In 1991 he gained his FRPS with a slide panel entitled ‘Protective colouration in European Lepidoptera’ and has served twice on the RPS A&F panel in the Nature Category. He is currently a Committee member of the RPS Nature Group.

His main photographic interests are in close-up and macro work with invertebrates and plants and in photomicrography, using both film and digital imaging. He is also secretary of the Somerset Moth Group and works as an educational and photographic consultant.

Friday, June 26, 2009

Local commitmment to wildlife conservation

The SWT has just published this note following the recent County Council elections which produced a change in political control of the Council. My previous post reported on the national policy of the Conservative Party for reference.
Please go to the SWT web site for the complete statement.

SWT throws down the environmental challenge to Somerset County Council

Somerset Wildlife Trust (SWT) today threw down a challenge to the new Conservative-led Somerset County Council to make a strong commitment to Somerset’s environment.

Simon Nash, SWT’s chief executive, said: "Since the Conservatives won control of Somerset County Council a few weeks ago, we have been hearing worrying reports of a lack of commitment to Somerset’s environment and a reduction in resources allocated to this essential area. One, from a source close to the Council, was that the new Somerset County Council "doesn’t even have environment on its radar".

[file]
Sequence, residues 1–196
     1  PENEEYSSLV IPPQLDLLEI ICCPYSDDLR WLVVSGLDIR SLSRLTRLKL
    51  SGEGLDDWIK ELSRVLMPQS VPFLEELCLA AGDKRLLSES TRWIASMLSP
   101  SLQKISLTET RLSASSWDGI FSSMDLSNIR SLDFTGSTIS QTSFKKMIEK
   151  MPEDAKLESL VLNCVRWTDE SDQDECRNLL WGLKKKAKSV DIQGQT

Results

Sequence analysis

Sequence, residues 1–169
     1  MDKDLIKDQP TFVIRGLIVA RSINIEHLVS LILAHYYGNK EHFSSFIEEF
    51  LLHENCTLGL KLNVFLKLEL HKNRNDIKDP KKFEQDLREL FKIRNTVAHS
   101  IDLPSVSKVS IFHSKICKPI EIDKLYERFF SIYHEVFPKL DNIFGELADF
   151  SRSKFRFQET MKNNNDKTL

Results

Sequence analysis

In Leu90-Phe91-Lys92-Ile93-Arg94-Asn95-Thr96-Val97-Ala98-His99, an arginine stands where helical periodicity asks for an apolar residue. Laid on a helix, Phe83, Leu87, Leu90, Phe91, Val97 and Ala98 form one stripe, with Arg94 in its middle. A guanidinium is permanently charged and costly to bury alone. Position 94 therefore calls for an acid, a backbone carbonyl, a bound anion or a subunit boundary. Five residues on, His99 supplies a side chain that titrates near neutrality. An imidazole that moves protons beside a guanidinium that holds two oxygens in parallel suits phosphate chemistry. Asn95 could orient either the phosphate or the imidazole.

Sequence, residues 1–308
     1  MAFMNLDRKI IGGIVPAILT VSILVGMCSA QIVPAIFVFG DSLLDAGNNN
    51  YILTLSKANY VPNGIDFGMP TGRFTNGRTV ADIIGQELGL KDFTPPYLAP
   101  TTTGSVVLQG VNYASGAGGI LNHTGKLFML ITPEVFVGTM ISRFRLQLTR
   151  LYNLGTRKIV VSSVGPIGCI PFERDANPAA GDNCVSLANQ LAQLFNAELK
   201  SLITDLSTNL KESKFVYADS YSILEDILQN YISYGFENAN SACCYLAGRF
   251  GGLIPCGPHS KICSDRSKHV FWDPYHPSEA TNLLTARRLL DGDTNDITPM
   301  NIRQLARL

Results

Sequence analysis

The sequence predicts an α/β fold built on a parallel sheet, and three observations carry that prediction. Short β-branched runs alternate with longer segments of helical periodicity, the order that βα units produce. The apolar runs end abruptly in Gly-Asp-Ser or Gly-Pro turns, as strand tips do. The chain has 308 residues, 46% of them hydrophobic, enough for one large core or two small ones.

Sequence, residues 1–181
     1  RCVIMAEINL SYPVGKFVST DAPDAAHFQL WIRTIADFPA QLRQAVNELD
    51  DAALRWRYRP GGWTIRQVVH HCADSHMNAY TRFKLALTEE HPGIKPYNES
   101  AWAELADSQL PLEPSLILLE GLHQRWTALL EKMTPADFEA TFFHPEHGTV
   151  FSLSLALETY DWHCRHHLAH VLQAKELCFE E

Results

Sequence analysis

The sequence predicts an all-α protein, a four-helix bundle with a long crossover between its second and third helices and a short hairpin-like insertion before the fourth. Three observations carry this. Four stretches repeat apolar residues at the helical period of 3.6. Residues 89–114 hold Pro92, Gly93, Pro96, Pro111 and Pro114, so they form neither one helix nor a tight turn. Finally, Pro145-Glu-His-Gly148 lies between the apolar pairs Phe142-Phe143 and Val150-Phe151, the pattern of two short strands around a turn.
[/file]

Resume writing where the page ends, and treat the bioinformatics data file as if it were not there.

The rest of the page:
"If this is true, it simply isn’t good enough. Somerset enjoys a beautiful and wildlife-rich countryside, but it is under threat from all sides, including increased development, intensive land management and climate change.

Wednesday, June 24, 2009

County Council and the environment

The Somerset Wildlife Trust has challenged our new Somerset County Council to live up to the policies published by the Conservative Party statements on its intentions regarding the environment if it gets elected to form a new government. Below is what it says it will do nationally.

How will it act locally?



A Conservative Government will make Britain greener by tackling climate change and enhancing our environment.

We believe quality of life and environmental issues must be at the heart of politics – which is why we have pledged to improve Britain's environment by reversing the decline in our biodiversity, improving urban green spaces, providing incentives to recycle and working towards zero waste.

Britain is struggling to cope with growing mountains of waste. Ending our reliance on landfill is not just a question of raising recycling targets and finding better ways of coping with waste from discarded products; it is about changing our mindset. We need to act long before a product becomes waste in the first place - producers should be considering the waste implications when a product is still on the drawing board.